Detecting CAR T cells to improve immunotherapy

Over the past five years, CAR T-cell therapy has given some cancer patients hope for remission. This form of immunotherapy adds a gene — called a chimeric antigen receptor, or CAR — to a patient’s T cells, which helps these immune cells find and attack cancers.

To continue improving this therapy, researchers need specific, sensitive, and precise reagents that can detect CARs in blood samples. That helps them understand how well the therapy is working in a patient, and also helps them develop new CARs for improved therapies.

Jun Huang
Asst. Prof. Jun Huang

Researchers at University of Chicago’s Pritzker School of Molecular Engineering and the David and Etta Jonas Center for Cellular Therapy at UChicago Medicine have developed a new reagent that works even better at detecting multiple kinds of CARs. The result could lead to better diagnostics and ultimately improved therapies for patients.

The research, led by graduate student Yifei Hu in the lab of Prof. Jun Huang, was published in the journal Matter. The study resulted from a collaboration between the labs of Huang and Justin Kline, associate professor of medicine.

“Antigen-multimers can serve as a universal reagent to detect existing and new CARs, and will catalyze the development, manufacture, diagnosis, and treatment of CAR T-cell immunotherapy,” Huang said.

A new approach to detecting CARs

When patients undergo CAR T-cell therapy, physicians take a blood sample, re-engineer the T cells within the sample to include a CAR specific to their cancer, then return the blood to the patient’s body. Those T cells then use the CAR to find and attack cancer. (The University of Chicago Medicine was the first site in Illinois to offer this therapy in 2017).

While the therapy has led to long remission rates for some patients with certain types of lymphomas and leukemias, other patients do not respond to the therapy. In order to better understand that discrepancy, researchers are looking at how CAR T cells proliferate once inside the body.

But measuring CAR T cells can be difficult. Some of these cells have a naturally lower CAR expression, while others decrease their CAR expression over time. Current reagents (often made with anti-idiotype antibodies that are designed specifically for each kind of CAR) can be expensive and unstable.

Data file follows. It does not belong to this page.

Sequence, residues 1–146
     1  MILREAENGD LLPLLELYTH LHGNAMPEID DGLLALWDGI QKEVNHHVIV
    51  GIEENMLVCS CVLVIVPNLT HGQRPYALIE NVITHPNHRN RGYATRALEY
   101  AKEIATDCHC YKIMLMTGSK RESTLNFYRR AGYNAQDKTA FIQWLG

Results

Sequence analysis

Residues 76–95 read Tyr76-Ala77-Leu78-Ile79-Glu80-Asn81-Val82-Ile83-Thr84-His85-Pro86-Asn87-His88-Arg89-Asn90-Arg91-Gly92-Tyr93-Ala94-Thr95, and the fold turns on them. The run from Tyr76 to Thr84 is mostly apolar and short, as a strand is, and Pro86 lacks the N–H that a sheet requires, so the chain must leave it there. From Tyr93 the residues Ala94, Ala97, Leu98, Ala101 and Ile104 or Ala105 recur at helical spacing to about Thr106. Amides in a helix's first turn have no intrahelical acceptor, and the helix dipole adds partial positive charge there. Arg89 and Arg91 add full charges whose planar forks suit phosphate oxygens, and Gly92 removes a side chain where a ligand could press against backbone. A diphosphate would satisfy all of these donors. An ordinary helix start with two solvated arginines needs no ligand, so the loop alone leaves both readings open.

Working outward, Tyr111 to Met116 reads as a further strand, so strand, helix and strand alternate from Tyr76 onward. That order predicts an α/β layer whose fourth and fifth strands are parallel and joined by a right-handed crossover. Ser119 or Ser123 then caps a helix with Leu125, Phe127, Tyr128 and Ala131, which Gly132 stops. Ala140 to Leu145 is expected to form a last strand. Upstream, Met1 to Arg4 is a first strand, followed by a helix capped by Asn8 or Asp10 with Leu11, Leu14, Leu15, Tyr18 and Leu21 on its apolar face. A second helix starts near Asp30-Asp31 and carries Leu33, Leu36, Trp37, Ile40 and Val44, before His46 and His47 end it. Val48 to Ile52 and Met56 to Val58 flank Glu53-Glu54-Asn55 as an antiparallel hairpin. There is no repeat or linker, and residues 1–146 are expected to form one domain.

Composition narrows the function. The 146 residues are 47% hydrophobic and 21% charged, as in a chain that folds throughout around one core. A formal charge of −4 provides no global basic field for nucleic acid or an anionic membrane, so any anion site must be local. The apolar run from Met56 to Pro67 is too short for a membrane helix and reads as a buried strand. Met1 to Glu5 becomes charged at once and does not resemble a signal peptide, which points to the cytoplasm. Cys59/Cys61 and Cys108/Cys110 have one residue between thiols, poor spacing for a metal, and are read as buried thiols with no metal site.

Hu and other members of the Huang and Kline Labs designed new reagents that used a different approach: antigen multimers, proteins that enable highly specific, sensitive, and precise CAR detection at a much lower cost. The reagent’s high avidity allows it to detect multiple different CAR molecules, and it can even detect T cells that have decreased CAR expression.

“This can be incredibly useful for diagnostics,” said Hu. “We anticipate this being used in both clinical and translational research. This reagent will allow any lab, whether they have access to the right antibody or not, to be able to detect CAR T cells from patient samples.”

Helping enhance CAR T-cell therapy

yifei hu
PhD student Yifei Hu

The team is further testing its reagent on patient samples, including therapy responders and non-responders. The goal is to conduct single-cell sequencing and find signatures that correlate with response.

“We want to find some direction to enhance CAR T-cell therapy in the future,” Hu said. “Our ultimate goal is to try to make CAR T cells work even better in patients.”

Other authors on the paper include Guoshuai Cao, Xiufen Chen, Xiaodan Huang, Nicholas Asby, Nicholas Ankenbruck, Ali Rahman, Ashima Thusu, Yanran He, Peter A. Riedell, Michael R. Bishop, Hans Schreiber, and Justin P. Kline.

Citation: “Antigen multimers: Specific, sensitive, precise, and multifunctional high-avidity CAR-staining reagents,” Hu et al., Matter (2021), DOI: 10.1016/j.matt.2021.09.027

Funding: Phi Beta Psi, the Ullman Fund in Cancer Immunology, the Hoogland Lymphoma Research Pilot Projects, and Chicago Immunoengineering Innovation Center, National Institutes of Health